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JERRY MONTGOMERY

Specialist in trailerable sailboats since 1969

M15 Sailing
STANDING RIGGING: Inspection

The most common types of standing rigging failure are either from broken strands in the wire itself, usually right at the end of a terminal, or a split in the terminal shaft itself. Broken strands ("meathooks") and heavy rust are obvious to sight and touch, but cracked terminals are often difficult to see. My spies tell me that they usually come from a salt buildup in the wire, inside the terminal, resulting in rust which swells up the wire and eventually builds up enough pressure to split the terminal. Upon inspection, if you see any hint of a split in the terminal shaft, or even heavy rust in the wire at the end of the terminal, replace it.

Two more things to watch for are kinks in the wire and bent studs or toggles in the turnbuckle. If the stud was bent enough so that after straightening the turnbuckle body won't turn easily it shouldn't be trusted. And don't push your luck by straightening a terminal more than once. Stainless work-hardens significantly and weakens each time it is bend and straightened. Same thing with kinks in the wire. If it straightens OK (again, only once) and the wire is still smooth it's probably fine, but the choice is yours. Use some common sense; a Montgomery 15 uses the same size of wire (1/8" 1X19) as a Catalina 22, or a MacGregor 26. On the 15 it's an overkill, but I would be much less forgiving in an application where it is more highly stressed, like a headstay on a 2,500 lb. boat.

We use open-barrel bronze turnbuckles (chromed) and they will last for many years if they are unbent and uncorroded, and cleaned up and lubed once a year they should last as long as the boat. Most modern ones have stainless studs on top and bottom, and stainless moves against bronze very easily without galling as long as everything is clean and lubed. When cleaning, take them apart and look inside at the threads. I have seen the threads damaged by someone running them up on bent studs and by burred threads on the studs. Turnbuckle bodies are expensive but if there are signs of damage, replace them. The downside of a failure is expensive and can be hazardous to your health.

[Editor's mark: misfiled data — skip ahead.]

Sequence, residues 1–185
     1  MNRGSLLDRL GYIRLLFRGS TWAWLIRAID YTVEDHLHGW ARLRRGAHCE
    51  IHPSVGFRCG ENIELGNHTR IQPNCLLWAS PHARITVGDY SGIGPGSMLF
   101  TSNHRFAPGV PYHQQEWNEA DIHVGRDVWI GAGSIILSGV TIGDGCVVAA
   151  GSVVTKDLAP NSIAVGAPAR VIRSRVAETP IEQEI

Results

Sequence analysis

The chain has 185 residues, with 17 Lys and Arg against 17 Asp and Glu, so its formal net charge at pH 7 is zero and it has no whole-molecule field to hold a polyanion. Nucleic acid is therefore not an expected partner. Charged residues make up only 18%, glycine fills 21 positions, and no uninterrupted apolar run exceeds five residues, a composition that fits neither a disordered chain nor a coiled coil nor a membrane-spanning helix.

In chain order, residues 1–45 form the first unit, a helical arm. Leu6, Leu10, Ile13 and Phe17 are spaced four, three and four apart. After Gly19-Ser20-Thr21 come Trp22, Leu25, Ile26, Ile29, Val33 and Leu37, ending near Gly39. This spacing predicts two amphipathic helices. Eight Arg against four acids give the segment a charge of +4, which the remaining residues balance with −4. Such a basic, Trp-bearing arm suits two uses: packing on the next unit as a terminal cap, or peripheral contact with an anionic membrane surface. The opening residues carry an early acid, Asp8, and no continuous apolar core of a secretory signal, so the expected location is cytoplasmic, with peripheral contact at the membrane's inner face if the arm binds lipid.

When ordering rigging from me, you can inspect and measure it yourself and save the freight charges, or you can send me the whole thing and I'll take a good look at it, go over the terminals with a magnifying glass, and give you an opinion based on what I would do if it were mine. If you send me the specs, remember to verify that the top turnbuckle studs (the ones swedged to the wires) are right-handed; not left-handed. I stock right-handed studs but might have to special-order them if they are left-handed.

Read the page on Standing Rigging- Measuring for some comments on replacing old rigging with more up-to-date terminals.